Mental health services still falling behind
Posted Tuesday 19 July 2005
Today Mind responded to the Healthcare Commission's "State of Healthcare 2005" report. The annual report to Parliament on the state of healthcare in England and Wales focused for the first time on the experience of patients.
Sophie Corlett, Mind's Director of Policy, said:
"The Healthcare Commission's "State of Healthcare 2005" report shows that the picture of care across the health service is still mixed, and that mental health service users are still more likely than many other patients to receive poor quality treatment within the NHS.
Last year Mind's Ward Watch report revealed that 23 per cent of current or recent inpatients had been accommodated in mixed sex wards. The Healthcare Commission report found that the same proportion of patients had been accommodated in a mixed sex environment, showing that very little is being done to significantly reduce the numbers of mental health service users sharing wards with those of the opposite sex. This is despite the Government's claim that 98 per cent of mental health trusts comply with guidance on single sex accommodation.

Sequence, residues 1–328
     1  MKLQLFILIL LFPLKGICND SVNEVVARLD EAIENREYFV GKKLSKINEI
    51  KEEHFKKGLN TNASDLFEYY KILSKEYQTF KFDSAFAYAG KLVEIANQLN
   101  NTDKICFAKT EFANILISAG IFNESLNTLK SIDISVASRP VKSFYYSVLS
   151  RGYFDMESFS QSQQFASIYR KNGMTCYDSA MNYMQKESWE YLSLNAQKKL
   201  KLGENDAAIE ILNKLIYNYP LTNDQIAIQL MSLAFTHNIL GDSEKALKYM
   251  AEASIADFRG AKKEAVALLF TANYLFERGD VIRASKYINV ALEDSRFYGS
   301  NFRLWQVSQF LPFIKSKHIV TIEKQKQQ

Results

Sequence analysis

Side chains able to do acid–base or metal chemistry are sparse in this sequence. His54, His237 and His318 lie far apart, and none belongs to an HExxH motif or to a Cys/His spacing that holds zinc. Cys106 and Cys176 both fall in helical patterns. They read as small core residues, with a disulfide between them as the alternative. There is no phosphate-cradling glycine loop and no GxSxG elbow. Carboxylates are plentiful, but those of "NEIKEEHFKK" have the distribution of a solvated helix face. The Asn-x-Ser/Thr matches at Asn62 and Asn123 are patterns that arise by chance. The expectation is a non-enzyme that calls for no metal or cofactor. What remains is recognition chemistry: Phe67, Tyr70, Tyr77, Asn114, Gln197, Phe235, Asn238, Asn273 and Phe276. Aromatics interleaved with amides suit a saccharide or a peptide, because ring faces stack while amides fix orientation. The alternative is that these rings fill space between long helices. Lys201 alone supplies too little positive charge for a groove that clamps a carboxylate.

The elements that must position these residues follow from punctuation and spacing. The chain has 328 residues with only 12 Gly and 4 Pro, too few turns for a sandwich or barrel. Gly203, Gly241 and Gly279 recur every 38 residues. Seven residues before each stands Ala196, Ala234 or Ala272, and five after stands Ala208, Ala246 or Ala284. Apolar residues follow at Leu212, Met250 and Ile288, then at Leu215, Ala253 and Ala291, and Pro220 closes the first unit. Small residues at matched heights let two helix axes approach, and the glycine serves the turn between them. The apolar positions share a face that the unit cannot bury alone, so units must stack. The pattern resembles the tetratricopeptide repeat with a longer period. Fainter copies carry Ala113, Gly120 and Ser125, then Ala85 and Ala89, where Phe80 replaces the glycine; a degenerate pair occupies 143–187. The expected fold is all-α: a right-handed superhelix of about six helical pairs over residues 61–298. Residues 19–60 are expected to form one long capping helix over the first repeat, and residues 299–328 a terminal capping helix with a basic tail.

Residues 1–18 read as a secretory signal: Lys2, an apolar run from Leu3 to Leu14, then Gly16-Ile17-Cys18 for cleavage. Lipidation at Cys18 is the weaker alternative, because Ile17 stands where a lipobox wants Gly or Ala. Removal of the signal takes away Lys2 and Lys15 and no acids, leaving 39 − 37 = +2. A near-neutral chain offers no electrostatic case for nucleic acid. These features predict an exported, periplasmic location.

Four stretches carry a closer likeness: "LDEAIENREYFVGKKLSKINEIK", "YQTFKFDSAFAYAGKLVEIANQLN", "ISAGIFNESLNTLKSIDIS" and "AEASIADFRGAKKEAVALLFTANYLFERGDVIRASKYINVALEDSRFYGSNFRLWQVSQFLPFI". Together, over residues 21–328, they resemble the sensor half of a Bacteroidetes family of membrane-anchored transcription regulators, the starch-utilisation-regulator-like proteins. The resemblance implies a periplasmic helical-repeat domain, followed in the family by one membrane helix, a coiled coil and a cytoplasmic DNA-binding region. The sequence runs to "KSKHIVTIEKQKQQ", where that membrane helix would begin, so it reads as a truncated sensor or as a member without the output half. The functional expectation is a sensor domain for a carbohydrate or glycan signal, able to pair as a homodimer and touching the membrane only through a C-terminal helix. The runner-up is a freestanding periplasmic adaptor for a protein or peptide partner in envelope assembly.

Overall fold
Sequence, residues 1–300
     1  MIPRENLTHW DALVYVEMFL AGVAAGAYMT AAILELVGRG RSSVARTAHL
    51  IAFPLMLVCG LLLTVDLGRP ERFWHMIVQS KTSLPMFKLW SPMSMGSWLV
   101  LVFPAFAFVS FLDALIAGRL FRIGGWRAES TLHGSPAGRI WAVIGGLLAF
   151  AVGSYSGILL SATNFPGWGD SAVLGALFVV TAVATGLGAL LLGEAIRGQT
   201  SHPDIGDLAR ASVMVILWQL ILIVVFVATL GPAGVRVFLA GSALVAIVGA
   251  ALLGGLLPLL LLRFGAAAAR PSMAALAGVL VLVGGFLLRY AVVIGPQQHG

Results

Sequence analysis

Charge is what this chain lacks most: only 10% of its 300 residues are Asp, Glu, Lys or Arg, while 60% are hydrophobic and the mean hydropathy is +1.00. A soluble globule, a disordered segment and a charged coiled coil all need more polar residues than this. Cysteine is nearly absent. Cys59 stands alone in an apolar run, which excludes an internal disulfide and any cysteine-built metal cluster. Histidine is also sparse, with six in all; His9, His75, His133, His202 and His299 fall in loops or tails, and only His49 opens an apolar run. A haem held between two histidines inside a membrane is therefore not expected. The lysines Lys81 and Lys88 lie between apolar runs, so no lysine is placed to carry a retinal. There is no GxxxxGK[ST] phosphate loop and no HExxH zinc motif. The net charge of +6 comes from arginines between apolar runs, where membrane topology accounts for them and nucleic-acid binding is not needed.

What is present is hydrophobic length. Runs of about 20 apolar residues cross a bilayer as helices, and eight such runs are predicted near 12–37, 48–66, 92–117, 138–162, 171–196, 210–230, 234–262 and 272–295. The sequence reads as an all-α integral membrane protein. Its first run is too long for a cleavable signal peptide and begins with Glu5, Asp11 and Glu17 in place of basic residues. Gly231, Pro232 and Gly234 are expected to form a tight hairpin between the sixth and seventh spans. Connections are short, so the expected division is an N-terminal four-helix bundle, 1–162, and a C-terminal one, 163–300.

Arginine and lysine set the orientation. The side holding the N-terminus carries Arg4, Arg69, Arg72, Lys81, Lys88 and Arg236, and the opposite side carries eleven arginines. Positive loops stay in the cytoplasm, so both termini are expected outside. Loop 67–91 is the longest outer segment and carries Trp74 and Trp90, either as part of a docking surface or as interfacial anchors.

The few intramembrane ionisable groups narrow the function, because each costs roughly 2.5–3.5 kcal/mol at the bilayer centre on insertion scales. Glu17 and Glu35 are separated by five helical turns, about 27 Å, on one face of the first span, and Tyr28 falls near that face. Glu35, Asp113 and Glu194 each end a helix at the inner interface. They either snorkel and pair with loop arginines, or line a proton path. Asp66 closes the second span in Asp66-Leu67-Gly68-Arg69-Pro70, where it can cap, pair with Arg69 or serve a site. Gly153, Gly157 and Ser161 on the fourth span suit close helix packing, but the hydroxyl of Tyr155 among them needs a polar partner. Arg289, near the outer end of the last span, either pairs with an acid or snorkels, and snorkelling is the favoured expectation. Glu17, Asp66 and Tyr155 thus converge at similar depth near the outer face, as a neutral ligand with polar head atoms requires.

Within the community, services are varied too. Only two-thirds of community-based crisis resolution teams are operating 24 hours a day, seven days a week. There is considerable evidence that this provision can be of major benefit, yet the Healthcare Commission has revealed that fewer than half the people who need crisis care are able to gain access to it. Mind is keen to ensure that all such teams are fully resourced, ensuring consistency across the country.
There has been progress in some areas of mental health provision. But mental health services did not start on an equal footing. There needs to be much more investment, much sooner, if the quality of care received by mental health service users is to be properly addressed."